|US6746732||13 Dec 2001||8 Jun 2004||Eastman Kodak Company||Triacetyl cellulose film with reduced water transmission property|
|US6985292 *||28 Dec 2000||10 Jan 2006||Gunze Co., Ltd.||Polarizing plate and liquid-crystal display containing the same|
|US7128964||26 Jan 2004||31 Oct 2006||Asahi Glass Company, Limited||Carrier film and method for its production|
|US20030048396 *||28 Dec 2000||13 Mar 2003||Yoshinori Ishii||Polarizing plate and liquid-crystal display containing the same|
|US20040151914 *||26 Jan 2004||5 Aug 2004||Asahi Glass Company Limited||Carrier film and method for its production|
|CN1329176C *||29 Jan 2004||1 Aug 2007||旭硝子株式会社||Carrier film and method for its production|
|EP0164766A1 *||10 Apr 1985||18 Dec 1985||SOLVAY & Cie (Société Anonyme)||Structures with multiple polymeric layers comprising a vinyl or vinylidene fluoride polymer layer bonded to a polar polymer layer|
|EP1452310A1 *||22 Jan 2004||1 Sep 2004||Asahi Glass Co., Ltd.||Carrier film and method for its production|
|WO1996007941A1 *||8 Sep 1995||14 Mar 1996||Alejandro Andreatta||Film containing oriented dye, method of manufacturing the same, and polarizer and liquid crystal display unit utilizing the same|
|WO2001086343A2 *||10 May 2001||15 Nov 2001||3M Innovative Properties Co||Absorbing polarizer and color-compensated information displays using the same|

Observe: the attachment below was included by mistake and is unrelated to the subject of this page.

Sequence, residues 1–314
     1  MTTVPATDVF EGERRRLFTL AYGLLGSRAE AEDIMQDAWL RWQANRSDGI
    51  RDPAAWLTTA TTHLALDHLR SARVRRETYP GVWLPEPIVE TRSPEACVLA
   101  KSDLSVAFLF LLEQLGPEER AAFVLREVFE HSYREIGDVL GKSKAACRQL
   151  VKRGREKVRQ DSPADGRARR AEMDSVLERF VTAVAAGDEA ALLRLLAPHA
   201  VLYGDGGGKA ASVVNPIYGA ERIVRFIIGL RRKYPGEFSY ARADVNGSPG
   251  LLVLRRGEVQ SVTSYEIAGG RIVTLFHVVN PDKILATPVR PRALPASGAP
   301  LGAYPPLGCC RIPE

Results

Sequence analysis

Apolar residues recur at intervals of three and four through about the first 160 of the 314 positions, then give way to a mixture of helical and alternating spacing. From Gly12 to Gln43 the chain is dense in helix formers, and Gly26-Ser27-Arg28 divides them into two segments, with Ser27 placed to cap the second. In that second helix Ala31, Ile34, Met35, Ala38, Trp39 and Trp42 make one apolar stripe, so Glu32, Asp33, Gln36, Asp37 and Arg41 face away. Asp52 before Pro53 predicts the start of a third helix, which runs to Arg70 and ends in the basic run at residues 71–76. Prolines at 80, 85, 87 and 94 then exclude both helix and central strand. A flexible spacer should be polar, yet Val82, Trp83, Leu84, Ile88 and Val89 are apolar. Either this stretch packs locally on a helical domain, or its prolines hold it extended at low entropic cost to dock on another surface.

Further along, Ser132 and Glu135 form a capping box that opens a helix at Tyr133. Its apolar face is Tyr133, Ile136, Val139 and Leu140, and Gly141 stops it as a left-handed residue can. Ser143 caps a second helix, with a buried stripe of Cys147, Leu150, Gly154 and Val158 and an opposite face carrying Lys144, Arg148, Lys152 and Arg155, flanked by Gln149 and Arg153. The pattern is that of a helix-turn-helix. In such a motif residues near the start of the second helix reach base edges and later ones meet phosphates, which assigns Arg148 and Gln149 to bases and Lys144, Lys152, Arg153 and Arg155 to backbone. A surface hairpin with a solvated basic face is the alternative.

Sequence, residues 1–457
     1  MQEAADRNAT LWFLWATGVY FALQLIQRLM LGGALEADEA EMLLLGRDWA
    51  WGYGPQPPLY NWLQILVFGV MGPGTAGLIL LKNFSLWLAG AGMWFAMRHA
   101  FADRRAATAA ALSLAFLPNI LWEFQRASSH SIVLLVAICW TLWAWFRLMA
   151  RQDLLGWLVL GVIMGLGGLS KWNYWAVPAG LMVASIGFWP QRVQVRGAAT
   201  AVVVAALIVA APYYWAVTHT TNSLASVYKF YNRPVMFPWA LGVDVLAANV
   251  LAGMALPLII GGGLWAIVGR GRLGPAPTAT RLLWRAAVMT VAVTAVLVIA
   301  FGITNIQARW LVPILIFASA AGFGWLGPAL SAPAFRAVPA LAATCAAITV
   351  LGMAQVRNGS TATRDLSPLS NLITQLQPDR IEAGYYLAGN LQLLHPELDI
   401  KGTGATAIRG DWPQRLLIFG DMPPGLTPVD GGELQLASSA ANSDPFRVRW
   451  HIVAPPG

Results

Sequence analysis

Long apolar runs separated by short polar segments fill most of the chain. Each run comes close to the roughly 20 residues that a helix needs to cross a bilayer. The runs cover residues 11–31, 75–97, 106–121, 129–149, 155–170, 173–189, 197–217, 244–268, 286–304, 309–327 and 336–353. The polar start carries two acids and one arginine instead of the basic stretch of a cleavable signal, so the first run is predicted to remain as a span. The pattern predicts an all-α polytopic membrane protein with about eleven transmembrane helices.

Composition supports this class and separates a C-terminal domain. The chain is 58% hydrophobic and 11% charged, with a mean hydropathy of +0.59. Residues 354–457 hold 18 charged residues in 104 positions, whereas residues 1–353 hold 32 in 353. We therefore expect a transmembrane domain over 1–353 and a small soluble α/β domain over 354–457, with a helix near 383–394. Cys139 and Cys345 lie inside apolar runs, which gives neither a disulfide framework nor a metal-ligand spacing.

|WO2002093214A2 *||27 Feb 2002||21 Nov 2002||3M Innovative Properties Co||Color-compensated information displays|
|U.S. Classification||428/421, 428/516, 428/422, 264/1.35, 428/500, 359/487.06, 359/487.02|
|International Classification||B32B27/08, G02B5/30|
|Cooperative Classification||B32B27/08, Y10T428/31913, Y10T428/31544, G02B5/3033, Y10T428/31855, Y10T428/3154|
|European Classification||G02B5/30P1, B32B27/08|
|9 Sep 1983||AS||Assignment|
Owner name: AMERICAN HOECHST CORPORATION SOMERVILLE, NJ A DE
Free format text: ASSIGNMENT OF ASSIGNORS INTEREST.;ASSIGNOR:BOLT, LAWRENCE;REEL/FRAME:004166/0348
Effective date: 19820331
|17 Jan 1986||AS||Assignment|
Owner name: OPTICAL DEVICES INCORPORATED, CAMARILLO, CA., A CO
Free format text: ASSIGNMENT OF ASSIGNORS INTEREST.;ASSIGNOR:AMERICAN HOECHST CORPORATION;REEL/FRAME:004499/0303
Effective date: 19850802
|9 Jan 1987||FPAY||Fee payment|
Year of fee payment: 4
|13 May 1991||FPAY||Fee payment|
Year of fee payment: 8
|27 Jun 1995||REMI||Maintenance fee reminder mailed|
|19 Nov 1995||LAPS||Lapse for failure to pay maintenance fees|
|30 Jan 1996||FP||Expired due to failure to pay maintenance fee|
Effective date: 19951122